The last time I talked with Chris Boggiano before about six weeks ago, was probably in 2005. He was an Army officer then, either on his way to or just coming home from Iraq. I was writing a book about his West Point class

Fast-forward. I opened my email to find an announcement about his new product--a device called the Starling that helps parents keep track of how many words their babies hear, which in turn helps increase kids' intelligence later on in life.

It turns out this is Boggiano's second business. (As I say, we hadn't talked in a while.) He and his brother launched a company called They sold it. (I agreed not to say exactly how much he made, but it's enough that he wouldn't have to work again if he didn't want to), and the two brothers went to Stanford GSB together, where they spent most of their time working on an idea for their next venture.

What struck me besides the product (I'm a new dad, so it resonated with me), was the social mission behind it. I asked Boggiano to write down a few ideas about how he launched VersaMe and why the social mission mattered.

Here's what Chris had to say:

My brother Jon and I are Millennials, and our generation craves authenticity. Money is important to me, but only insofar how it allows me to accumulate meaningful experiences and memories.

That's why when Jon and I began tossing around ideas, our only nonnegotiable rule was that the new company had to advance a social mission. We'd founded in part to address climate change, and we'd loved the experience.

Thirty years of research tells us that 90% of a child's brain growth happens before they start school. Since child-directed talk is like a miracle drug for young brains, we built the Starling to encourage parents to do more of the one thing that can set kids up for success in life: engage.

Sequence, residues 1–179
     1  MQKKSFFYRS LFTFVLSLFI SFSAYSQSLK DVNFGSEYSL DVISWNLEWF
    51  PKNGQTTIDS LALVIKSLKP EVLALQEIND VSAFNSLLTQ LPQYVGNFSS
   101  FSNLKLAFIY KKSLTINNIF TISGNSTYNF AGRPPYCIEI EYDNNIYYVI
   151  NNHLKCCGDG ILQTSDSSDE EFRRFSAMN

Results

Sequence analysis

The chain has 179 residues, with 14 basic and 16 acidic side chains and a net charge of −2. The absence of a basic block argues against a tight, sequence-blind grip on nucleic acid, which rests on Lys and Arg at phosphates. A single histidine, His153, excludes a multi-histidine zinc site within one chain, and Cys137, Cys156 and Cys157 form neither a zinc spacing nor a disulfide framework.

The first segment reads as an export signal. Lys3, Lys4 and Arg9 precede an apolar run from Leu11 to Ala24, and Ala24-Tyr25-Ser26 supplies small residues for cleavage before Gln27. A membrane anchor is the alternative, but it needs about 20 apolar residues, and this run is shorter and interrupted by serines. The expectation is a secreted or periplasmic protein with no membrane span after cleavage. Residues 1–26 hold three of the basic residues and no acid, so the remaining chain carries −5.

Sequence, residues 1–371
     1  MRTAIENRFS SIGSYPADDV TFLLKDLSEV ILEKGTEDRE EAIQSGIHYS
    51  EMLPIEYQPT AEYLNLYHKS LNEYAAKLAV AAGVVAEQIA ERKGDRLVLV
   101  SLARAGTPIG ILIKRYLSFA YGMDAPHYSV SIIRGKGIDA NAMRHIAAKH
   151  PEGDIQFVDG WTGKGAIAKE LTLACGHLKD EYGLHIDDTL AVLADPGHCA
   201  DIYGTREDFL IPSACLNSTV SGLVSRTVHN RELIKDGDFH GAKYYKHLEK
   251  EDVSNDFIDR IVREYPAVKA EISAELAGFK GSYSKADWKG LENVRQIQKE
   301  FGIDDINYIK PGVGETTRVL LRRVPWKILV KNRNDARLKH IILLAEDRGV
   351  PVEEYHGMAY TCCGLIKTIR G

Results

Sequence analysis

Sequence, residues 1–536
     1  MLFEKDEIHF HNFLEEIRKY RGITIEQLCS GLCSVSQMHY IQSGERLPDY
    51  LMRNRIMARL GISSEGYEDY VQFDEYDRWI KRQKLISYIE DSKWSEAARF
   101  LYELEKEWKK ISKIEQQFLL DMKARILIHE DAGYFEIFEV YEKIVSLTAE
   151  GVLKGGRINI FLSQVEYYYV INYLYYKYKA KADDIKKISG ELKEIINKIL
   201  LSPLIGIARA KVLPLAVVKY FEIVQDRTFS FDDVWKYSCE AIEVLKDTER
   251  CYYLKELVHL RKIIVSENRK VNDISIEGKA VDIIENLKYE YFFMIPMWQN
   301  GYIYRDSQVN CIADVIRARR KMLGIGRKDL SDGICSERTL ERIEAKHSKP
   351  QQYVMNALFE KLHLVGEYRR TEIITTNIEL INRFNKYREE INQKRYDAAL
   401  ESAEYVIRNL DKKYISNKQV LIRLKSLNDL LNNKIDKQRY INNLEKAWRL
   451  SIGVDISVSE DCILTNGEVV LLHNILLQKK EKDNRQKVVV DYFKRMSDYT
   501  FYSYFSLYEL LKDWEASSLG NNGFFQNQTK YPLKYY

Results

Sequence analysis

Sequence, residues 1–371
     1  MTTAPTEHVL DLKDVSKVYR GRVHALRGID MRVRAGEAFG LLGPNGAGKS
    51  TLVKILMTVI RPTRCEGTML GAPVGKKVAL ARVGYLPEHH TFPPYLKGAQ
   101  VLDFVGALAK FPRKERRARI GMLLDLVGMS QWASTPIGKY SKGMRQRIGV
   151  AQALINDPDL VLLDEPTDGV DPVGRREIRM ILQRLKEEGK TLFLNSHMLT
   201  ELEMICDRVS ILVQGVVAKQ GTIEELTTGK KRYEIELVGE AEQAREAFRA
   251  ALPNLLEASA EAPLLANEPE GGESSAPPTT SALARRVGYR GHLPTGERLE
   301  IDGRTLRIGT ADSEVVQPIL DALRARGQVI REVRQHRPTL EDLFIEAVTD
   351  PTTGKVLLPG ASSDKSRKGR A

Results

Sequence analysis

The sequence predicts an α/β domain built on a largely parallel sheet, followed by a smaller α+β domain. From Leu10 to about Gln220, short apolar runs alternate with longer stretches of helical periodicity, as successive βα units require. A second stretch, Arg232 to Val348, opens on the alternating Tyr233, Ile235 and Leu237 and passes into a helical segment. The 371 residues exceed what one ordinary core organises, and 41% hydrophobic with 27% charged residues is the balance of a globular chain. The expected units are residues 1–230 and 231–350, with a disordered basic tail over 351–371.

We eventually founded VersaMe, an education company building the Starling, a wearable device that helps babies and toddlers develop their language skills sooner. (The Starling recently came available for pre-orders, and we expect to deliver the first units to parents by spring.)

 As a parent of two little girls (ages 4 and 1), I'm excited to be building a technology that will actually pull me toward my children (unlike say, my iPhone). It will help make my family stronger and reduce my stress by reminding me that by spending time with my girls, I'm also doing what's best for their development.

We are hardly alone in our mindset, and the law is slowly catching up. In 2010, Maryland became the first state to provide for benefit corporations--for-profit entities whose charters express goals of positively impact society and the environment, in addition to maximizing profit for shareholders. In the five years since, 30 other states and the District of Columbia have followed suit.

When I was freezing, wet and exhausted in the Army, knowing that I was serving my country kept me going. Likewise, startups rarely have enough people, money, or resources to do everything they want to, especially compared to bigger and more established companies. A mission mindset--and a motivated and passionate team--can make all the difference in the world.